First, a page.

Pensions, food stamps, state aid

The Pelosi package would also attempt to patch holes in the leaky multiemployer pension system, projected to be insolvent within five years. It would set up a Treasury lending program with generous terms, and little expectation of payback in some cases, similar to legislation the House approved last year.

It would also extend expiring "pension smoothing" rules that let companies space out contributions to their pension plans over a longer period.

The measure also reflects a 15 percent increase in food stamp benefit levels that Democrats have sought in negotiations. Under the proposal, maximum benefits would rise on May 1 to 115 percent of the June 2019 level of benefits.

There's an employer retention tax credit worth 80 percent of wages per quarter, capped at $10,000.

The package would also waive $10,000 in federal student loan payments. And it would push back by a year the looming deadline under the REAL ID Act for air travelers to obtain a special drivers' license in order to fly domestically.

The Democrats' bill also would appropriate large sums for federal agencies and states and local governments, including but not limited to:

  • Nearly $600 billion in small-business assistance, including $300 billion in forgivable loans and $100 billion in grants.
  • $200 billion for a "state stabilization fund," with a first tranche going out immediately and a second on July 1 or whenever certain unemployment rate thresholds are triggered.
  • $100 billion for grants to hospitals providers to reimburse them for lost revenues.
  • $100 billion to help low-income renters avoid eviction, and another $35 billion to state housing agencies to aid homeowners and renters.
  • $30 billion to help states pay for education expenses and another $9.5 billion for higher education.
  • $25 billion for public transit agencies and $10 billion for airports suffering from empty terminals.
  • $20 billion to reimburse the U.S. Postal Service for lost revenue, along with forgiveness of USPS debt.
  • $4 billion in election security grants.
  • $40 billion for payments to airlines to keep workers on payroll, plus an additional $21 billion for loans and loan guarantees, along with restrictions on airline ticket prices, baggage and other ancillary fees, stock buybacks and executive compensation.

'Bailout' fund

Democrats have cited a number of concerns with the package circulated Monday by Senate Republicans, including airline industry aid and a broader $500 billion loan fund to help "severely distressed sectors" they say lacks transparency and worker protections. Democrats also want substantially more assistance for the unemployed, states, hospitals and other health care providers.

Earlier Monday, Mnuchin told Fox News it was "ridiculous" that some are labeling the $500 billion Treasury fund "corporate welfare." 

"There are no bailouts. This is not about bailing anybody out," he said.

The lending fund as currently drafted would limit executive compensation and stock buybacks at firms that get loans, and the government would be entitled to an equity stake in companies that receive assistance.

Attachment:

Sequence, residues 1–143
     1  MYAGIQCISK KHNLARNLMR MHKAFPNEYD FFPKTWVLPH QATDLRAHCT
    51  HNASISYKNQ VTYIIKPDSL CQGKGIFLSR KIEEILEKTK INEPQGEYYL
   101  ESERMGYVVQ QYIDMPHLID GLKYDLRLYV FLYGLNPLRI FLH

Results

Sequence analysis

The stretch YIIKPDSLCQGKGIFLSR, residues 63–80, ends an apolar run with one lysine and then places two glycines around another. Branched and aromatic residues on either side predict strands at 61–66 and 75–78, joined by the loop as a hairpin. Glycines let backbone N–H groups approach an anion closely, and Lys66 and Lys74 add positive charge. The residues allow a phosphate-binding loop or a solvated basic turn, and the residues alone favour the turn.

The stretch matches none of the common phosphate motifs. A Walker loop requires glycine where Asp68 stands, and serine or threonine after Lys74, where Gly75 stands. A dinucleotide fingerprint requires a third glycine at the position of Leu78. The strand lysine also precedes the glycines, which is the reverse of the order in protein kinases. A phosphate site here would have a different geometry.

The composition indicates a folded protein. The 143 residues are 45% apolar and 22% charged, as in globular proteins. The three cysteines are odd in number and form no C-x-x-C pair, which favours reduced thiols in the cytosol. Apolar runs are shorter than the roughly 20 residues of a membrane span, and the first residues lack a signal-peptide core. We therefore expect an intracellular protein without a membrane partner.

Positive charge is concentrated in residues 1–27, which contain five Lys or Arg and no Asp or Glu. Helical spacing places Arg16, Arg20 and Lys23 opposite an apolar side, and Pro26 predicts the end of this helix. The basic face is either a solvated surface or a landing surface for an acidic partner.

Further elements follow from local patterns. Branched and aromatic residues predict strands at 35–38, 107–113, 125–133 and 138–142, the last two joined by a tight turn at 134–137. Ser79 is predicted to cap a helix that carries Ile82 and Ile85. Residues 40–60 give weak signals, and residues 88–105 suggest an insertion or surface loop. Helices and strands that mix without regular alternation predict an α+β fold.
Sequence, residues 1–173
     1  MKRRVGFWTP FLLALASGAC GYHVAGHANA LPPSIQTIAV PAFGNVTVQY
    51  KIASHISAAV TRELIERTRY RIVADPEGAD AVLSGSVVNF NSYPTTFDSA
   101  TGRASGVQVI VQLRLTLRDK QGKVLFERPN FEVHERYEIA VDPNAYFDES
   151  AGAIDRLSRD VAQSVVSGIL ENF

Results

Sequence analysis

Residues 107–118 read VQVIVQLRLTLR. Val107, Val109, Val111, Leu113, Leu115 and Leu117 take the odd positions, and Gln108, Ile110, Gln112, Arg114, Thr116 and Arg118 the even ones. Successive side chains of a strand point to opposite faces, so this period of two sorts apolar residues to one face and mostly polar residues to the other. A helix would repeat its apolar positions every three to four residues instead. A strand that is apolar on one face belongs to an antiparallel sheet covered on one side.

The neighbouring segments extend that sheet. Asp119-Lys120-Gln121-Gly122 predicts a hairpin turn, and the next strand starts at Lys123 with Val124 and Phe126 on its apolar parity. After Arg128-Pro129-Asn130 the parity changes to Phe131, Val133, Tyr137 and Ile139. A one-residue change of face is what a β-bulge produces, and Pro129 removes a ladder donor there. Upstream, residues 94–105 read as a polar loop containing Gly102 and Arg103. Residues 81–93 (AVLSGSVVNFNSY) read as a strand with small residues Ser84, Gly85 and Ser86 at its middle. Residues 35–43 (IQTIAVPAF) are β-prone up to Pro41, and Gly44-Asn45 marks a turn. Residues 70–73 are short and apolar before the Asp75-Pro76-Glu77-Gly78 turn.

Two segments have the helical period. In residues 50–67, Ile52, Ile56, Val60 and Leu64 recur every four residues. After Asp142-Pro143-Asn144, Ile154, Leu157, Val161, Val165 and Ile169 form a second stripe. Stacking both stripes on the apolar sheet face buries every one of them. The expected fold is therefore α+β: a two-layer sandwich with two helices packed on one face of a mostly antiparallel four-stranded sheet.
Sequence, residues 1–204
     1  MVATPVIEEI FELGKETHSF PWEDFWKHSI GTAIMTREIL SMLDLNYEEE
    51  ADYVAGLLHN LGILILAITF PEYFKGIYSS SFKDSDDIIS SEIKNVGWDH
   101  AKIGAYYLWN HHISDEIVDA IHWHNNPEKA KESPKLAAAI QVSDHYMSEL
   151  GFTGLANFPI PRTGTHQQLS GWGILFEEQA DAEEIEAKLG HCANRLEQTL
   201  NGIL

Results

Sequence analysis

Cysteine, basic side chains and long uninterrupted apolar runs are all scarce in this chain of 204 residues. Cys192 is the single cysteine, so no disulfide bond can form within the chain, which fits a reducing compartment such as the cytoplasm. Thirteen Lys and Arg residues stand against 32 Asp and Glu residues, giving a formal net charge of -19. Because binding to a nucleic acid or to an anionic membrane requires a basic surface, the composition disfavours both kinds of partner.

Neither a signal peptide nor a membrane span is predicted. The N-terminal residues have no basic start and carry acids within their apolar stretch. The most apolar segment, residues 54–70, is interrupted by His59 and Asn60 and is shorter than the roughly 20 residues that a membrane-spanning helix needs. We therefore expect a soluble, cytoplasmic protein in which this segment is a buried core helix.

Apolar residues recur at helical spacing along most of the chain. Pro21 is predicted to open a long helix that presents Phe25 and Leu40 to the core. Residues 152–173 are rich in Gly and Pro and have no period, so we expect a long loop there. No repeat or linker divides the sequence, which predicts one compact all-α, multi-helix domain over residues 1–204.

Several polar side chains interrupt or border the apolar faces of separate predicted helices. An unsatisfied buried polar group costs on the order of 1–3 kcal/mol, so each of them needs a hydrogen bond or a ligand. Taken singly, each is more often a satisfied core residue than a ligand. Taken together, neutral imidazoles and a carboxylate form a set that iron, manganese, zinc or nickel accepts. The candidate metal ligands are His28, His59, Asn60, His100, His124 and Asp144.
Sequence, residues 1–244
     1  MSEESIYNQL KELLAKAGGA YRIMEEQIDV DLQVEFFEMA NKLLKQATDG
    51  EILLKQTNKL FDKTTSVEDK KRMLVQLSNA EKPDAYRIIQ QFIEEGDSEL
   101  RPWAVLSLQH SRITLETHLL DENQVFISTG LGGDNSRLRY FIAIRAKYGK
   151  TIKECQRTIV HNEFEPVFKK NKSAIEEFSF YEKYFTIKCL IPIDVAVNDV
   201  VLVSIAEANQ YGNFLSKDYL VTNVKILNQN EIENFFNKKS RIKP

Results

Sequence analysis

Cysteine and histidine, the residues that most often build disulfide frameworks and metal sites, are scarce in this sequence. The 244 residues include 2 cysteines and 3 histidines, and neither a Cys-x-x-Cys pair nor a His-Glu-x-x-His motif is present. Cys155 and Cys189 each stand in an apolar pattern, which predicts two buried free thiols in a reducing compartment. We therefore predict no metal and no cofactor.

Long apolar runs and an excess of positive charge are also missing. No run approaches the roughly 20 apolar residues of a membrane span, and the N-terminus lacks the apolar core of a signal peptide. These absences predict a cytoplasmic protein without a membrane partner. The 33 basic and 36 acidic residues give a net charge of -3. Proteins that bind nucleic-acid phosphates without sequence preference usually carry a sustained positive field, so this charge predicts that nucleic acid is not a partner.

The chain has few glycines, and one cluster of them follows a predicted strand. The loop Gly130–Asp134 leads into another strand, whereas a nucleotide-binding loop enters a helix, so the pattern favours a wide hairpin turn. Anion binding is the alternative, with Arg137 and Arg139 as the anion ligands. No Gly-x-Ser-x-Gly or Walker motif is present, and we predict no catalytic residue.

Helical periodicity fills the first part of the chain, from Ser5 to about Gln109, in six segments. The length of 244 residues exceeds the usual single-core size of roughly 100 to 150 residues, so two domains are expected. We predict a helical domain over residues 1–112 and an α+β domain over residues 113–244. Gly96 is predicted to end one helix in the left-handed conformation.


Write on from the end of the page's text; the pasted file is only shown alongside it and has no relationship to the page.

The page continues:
But any contracts signed to repurchase shares up until the bill is signed into law would be allowed, and companies receiving financial aid could still lay off workers if it's not "practicable" to keep them on payroll. Democrats want more strings attached, including a guarantee that at least 90 percent of workers would retain their jobs, as well as more visibility into how Treasury distributes loans and who receives them.

Mnuchin said later he met with top Democrats on the Banking Committee, including Sherrod Brown of Ohio and Mark Warner of Virgina, to try to work out a deal on the industry lending piece.

Mnuchin did indicate that the airline aid piece of that package, which the GOP bill wrote in as $58 billion in loans and loan guarantees, might be changing. The industry wanted half of that sum in the form of what airline executives have dubbed "worker protection grants," and without that cash they say they'll be forced to start layoffs.

Industry unions like the Association of Flight Attendants have weighed in on behalf of cash grants instead of loans. "Without direct aid to airlines designated to cover payroll for aviation workers, nearly a million workers are facing furloughs and layoffs — cut off from healthcare in the middle of a pandemic," wrote Sara Nelson, head of the flight attendants' union, in a weekend letter to senators.

Mnuchin indicated to Fox News that there might be some give on the airline aid language in the latest negotiations. "There is a special provision that we are in the process of negotiating for airlines," he said. "When the economy opens up, we need to be able to have these airlines, so there are very specific provisions to airlines, and those are still being negotiated as we speak."

Lindsey McPherson, David Lerman, Paul M. Krawzak and Ellyn Ferguson contributed to this report.